Insights

12 March 2020

Economic considerations in the fight against Corona: Good measures require reliable data - these must be collected urgently

The SARS-CoV-2 (2019 novel coronavirus) is a great unknown compared to the seasonal flu. We still don’t have reliable infection rate projections, and the burden the healthcare system will undoubtably undergo is also currently undeterminable. Unsurprisingly, however, circulating throughout the media are numerous scenarios speculating on the seriousness of the virus, it’s effect on the health of the population, and what interventions in public life are necessary. This leads to uncertainty among citizens and presents decision-makers with difficult decisions. In a rather pessimistic scenario, a medium-term "infection" of two-thirds of the population and a mortality rate of 0.7 percent is assumed. This could result in nearly 400,000 deaths. If the infection numbers explode quickly, the healthcare system could also become overloaded and significantly more people would likely die. In another scenario ("Corona is like the flu"), 10 million people become infected and the death rate is "only" 0.2 percent. In this scenario, 20,000 people would die. The German healthcare system wouldn’t come close to its capacity limit and significant interventions in public life could be avoided. The truth probably lies somewhere in between these two scenarios, depending on the containment and prevention measures taken in Germany. Neither of the two scenarios currently seems absurd.

 

As a reaction to the virus, unprecedented countermeasures have been taken. In Europe, entire regions are now quarantined, borders are closed, and freedom of assembly is restricted. The right degree and timing of interventions in public life and the economy - and their potential relaxation - are also controversial in Germany. It’s become clear that essential information for good, proportionate decisions remains missing. If the measures are too lax and if they are implemented too late to curb the spread of the virus, the healthcare system will quickly reach its capacity limit and all seriously ill people cannot be adequately cared for. If the measures are too restrictive, social and economic life will be restricted longer than necessary. In the worst case, a severe recession is unnecessary triggered, with dire consequences for the community. The current stock market freefall provides a glimpse into such a situation.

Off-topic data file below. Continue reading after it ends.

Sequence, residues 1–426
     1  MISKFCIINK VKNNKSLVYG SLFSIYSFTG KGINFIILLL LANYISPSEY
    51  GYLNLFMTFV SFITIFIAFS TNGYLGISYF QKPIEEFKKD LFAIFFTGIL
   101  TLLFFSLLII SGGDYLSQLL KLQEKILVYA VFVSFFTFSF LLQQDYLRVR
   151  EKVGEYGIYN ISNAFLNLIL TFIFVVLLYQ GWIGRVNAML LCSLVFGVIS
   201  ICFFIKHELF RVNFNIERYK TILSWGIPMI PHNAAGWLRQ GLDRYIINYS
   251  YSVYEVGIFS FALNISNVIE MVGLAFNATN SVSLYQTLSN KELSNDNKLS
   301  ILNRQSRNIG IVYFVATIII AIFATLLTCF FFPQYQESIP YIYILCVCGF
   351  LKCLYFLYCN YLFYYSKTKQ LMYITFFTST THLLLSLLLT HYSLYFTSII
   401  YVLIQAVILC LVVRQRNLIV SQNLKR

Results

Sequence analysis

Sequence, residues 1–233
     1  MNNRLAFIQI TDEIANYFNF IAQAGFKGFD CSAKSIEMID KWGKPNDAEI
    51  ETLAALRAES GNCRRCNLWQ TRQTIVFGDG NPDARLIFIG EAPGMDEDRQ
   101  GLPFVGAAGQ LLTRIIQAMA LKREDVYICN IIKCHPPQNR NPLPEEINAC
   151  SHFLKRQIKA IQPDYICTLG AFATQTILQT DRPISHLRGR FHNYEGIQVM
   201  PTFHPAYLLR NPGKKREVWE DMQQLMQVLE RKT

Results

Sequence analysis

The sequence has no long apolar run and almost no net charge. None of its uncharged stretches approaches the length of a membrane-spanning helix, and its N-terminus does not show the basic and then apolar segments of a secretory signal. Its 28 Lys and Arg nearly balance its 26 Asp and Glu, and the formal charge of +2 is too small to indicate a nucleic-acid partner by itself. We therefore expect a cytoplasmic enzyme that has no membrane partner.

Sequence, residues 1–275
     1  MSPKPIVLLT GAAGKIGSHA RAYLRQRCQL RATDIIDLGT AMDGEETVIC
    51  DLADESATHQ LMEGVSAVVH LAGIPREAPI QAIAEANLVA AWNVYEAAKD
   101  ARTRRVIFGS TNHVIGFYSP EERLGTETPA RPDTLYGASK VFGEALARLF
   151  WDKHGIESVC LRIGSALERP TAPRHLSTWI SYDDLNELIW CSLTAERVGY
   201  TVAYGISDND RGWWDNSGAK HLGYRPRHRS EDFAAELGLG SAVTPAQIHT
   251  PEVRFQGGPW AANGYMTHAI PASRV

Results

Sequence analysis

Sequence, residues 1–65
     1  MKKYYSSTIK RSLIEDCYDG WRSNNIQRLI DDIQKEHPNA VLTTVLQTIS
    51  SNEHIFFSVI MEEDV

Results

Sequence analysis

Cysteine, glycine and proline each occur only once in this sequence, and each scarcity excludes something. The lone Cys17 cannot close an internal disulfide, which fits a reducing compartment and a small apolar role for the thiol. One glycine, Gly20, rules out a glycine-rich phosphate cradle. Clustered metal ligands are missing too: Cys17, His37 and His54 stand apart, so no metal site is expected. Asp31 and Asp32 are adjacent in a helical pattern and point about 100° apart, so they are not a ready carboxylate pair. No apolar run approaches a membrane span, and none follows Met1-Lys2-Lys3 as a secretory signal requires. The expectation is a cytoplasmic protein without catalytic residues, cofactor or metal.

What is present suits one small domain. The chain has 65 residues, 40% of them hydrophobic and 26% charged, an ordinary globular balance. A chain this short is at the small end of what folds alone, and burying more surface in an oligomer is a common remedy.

Reliable data must therefore be collected as soon as possible. Vital information is still missing.

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06 February 2020

On Modern Monetary Theory

The availability of better (micro-) data has enabled modern mainstream macroeconomics to make substantial progress during the last decades. Surprisingly, however, some rather fundamental questions either remain largely unanswered or still lack satisfactory answers within the prevailing paradigm of economics. These deficiencies are regularly pointed out by lateral thinkers who propose alternative “theories” that often reside outside of mainstream economics. One such new macroeconomic theory is the Modern Monetary Theory (MMT), and it has recently attracted some attention in the press.

 

The MMT stems from the criticism that there continues to be no established satisfactory theory about the optimal level of government debt. It is rather remarkable that this is true. Policy makers in many countries seem to know better; they have recently been adopting stringent debt limits. In both Germany and Switzerland, for example, the constitution requires that nominal debt does not (systematically) increase over time. The USA also has a cap on nominal debt (the so-called debt ceiling), although it is regularly lifted via painful negotiations. It is astonishing that mainstream economics lacks the scientific foundation to contribute to this important debate on the “right” level of debt and on the sustainability of increasing levels of debt. On the other hand, it is equally worrying that scientifically unfounded tendencies towards “low” debt and limits to nominal debt have found their ways into constitutions. The MMT supporters have positioned themselves in this debate with the claim that high levels of debt are sustainable. This claim is based on the blunt observation that a government can always avoid defaulting on nominal debt denominated in its own currency by printing money, that is, by creating unlimited amounts of money to respect its debt obligations.

 

A second criticism of mainstream economics by MMT supporters is worth mentioning. It relates to the monetary transmission mechanism, that is, the question about how the actions of central banks affect the (real) economy. Mainstream thinking centers around the belief that central banks successfully affect the price level and inflation by adjusting (nominal) interest rates, thereby affecting the real economy, that is, consumption, savings and investment decisions. In fact, actual monetary policy around the world is still based on the assumption that this monetary transmission channel is powerful. However, recent research has shown that the empirical evidence for this channel is, at best, limited. The MMT thus correctly questions a central pillar of monetary policy. MMT supporters instead suggest that the real economy can be affected more effectively by relying on fiscal policy. The positive nature of the main MMT message may have contributed to the attention it has recently attracted not only in the US, but also in the German press (FAZ, Handelsblatt): full employment at “acceptable” wages can be achieved through expansionary fiscal policy, which, in turn, is sustainable if supported by monetary policy setting a sufficiently low interest rate.

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